What you should know
By TIMES STAFF WRITER
Published April 1, 2007
Agri-Source Fuels looked at the old Pasco Beverage juice plant, with its giant empty storage tanks, and saw an ideal place to produce biodiesel. There is a growing market for the alternative fuel, although it's a ways from coming to a pump near you.
What is biodiesel?
Biodiesel is a clean-burning alternative to petroleum diesel that is produced from fatty raw materials such as soybean oil or rendered chicken fat. Converting these oils into fuel requires removing the glycerin in a process called transesterification.
Is it used as a pure fuel or is it blended with petroleum diesel fuel?
Both. But the blends, such as B20 (a blend of 20 percent biodiesel and 80 percent petroleum diesel fuel), are more commonly used. The proposed plant in Dade City would produce only pure biodiesel, which it would sell to other companies that would blend it.
What's so great about it?
It acts as a natural lubricant, is biodegradable and it releases far fewer pollutants than conventional diesel fuel.
Who can use it?
Pretty much anybody with a diesel engine can use it with little to no engine modification. That includes trucks, tractors, construction equipment and diesel passenger cars.
One caveat for diesel passenger cars, though: Most auto manufacturers' warranties approve the use of only B5, a 5 percent biodiesel blend. The National Biodiesel Board is lobbying those companies to modify their warranty statements to approve the use of up to B20.
How much does it cost?
Nationwide last month, pure biodiesel averaged about $3.31 per gallon. B20 was $2.53.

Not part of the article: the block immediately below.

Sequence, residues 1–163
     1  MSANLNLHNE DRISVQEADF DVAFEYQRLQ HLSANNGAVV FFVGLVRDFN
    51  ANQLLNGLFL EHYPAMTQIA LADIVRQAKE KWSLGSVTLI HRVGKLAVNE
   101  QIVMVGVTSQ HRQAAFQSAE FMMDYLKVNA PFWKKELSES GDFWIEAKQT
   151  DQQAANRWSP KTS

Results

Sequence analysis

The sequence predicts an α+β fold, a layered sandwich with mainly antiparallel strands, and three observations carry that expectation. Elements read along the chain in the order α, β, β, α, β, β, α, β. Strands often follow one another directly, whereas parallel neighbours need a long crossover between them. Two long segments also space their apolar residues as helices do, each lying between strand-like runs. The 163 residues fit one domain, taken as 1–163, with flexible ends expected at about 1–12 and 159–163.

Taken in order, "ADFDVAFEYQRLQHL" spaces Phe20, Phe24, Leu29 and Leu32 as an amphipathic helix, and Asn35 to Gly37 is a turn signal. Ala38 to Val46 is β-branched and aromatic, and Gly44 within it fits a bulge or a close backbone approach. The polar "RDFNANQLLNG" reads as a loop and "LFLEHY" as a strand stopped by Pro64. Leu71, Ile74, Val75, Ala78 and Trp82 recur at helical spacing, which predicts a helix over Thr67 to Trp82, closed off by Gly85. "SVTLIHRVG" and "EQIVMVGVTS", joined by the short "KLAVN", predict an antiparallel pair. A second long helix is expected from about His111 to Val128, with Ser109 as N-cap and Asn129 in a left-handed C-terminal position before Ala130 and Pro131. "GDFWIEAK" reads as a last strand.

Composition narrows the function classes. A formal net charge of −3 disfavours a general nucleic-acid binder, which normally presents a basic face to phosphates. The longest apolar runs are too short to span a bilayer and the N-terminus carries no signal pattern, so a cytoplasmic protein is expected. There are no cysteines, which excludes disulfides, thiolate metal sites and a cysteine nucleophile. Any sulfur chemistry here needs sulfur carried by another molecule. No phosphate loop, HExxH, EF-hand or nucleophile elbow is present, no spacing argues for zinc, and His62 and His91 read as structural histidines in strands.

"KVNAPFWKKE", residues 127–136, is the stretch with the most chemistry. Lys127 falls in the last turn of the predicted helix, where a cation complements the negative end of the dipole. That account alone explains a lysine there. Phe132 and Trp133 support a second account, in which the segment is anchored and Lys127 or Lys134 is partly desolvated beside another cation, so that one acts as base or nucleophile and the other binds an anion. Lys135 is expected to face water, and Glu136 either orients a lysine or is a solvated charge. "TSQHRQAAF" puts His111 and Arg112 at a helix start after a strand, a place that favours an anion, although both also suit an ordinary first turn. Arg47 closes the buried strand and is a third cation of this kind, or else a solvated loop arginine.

Pure petroleum diesel fuel during that time was $2.63; regular gasoline averaged $2.30.
Is there a sustainable market for biodiesel?
It is one of the fastest-growing alternative fuels. In 2005, 75-million gallons were sold, compared with only 500,000 in 1999. The trucking industry is seen as one of the biggest potential markets.
But it is not a sure thing yet. Diesel passenger cars represent less than 3 percent of the passenger cars in this country. Advocates also say governments, through tax incentives and fuel mandates for their own fleets, must continue to play a role if biodiesel is to become a viable industry. Most of the existing 105 biodiesel plants do not produce at their full capacity.
How can I find biodiesel?
That's another problem. It's hard to find a gas station that sells it in most parts of the country. You can find a list of retailers on the National Biodiesel Board's Web site, www.nbb.org.
Sources: National Biodiesel Board, U.S. Department of Energy, interviews with biodiesel companies
[Last modified April 1, 2007, 07:45:29]
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